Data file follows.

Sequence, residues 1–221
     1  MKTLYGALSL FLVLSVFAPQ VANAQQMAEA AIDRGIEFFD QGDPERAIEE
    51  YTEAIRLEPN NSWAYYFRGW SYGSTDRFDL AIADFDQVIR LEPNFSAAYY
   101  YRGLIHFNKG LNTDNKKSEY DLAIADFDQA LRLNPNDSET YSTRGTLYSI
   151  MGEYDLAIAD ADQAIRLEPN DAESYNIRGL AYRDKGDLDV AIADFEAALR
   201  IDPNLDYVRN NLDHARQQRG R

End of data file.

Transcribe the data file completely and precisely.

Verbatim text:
Sequence, residues 1–221
     1  MKTLYGALSL FLVLSVFAPQ VANAQQMAEA AIDRGIEFFD QGDPERAIEE
    51  YTEAIRLEPN NSWAYYFRGW SYGSTDRFDL AIADFDQVIR LEPNFSAAYY
   101  YRGLIHFNKG LNTDNKKSEY DLAIADFDQA LRLNPNDSET YSTRGTLYSI
   151  MGEYDLAIAD ADQAIRLEPN DAESYNIRGL AYRDKGDLDV AIADFEAALR
   201  IDPNLDYVRN NLDHARQQRG R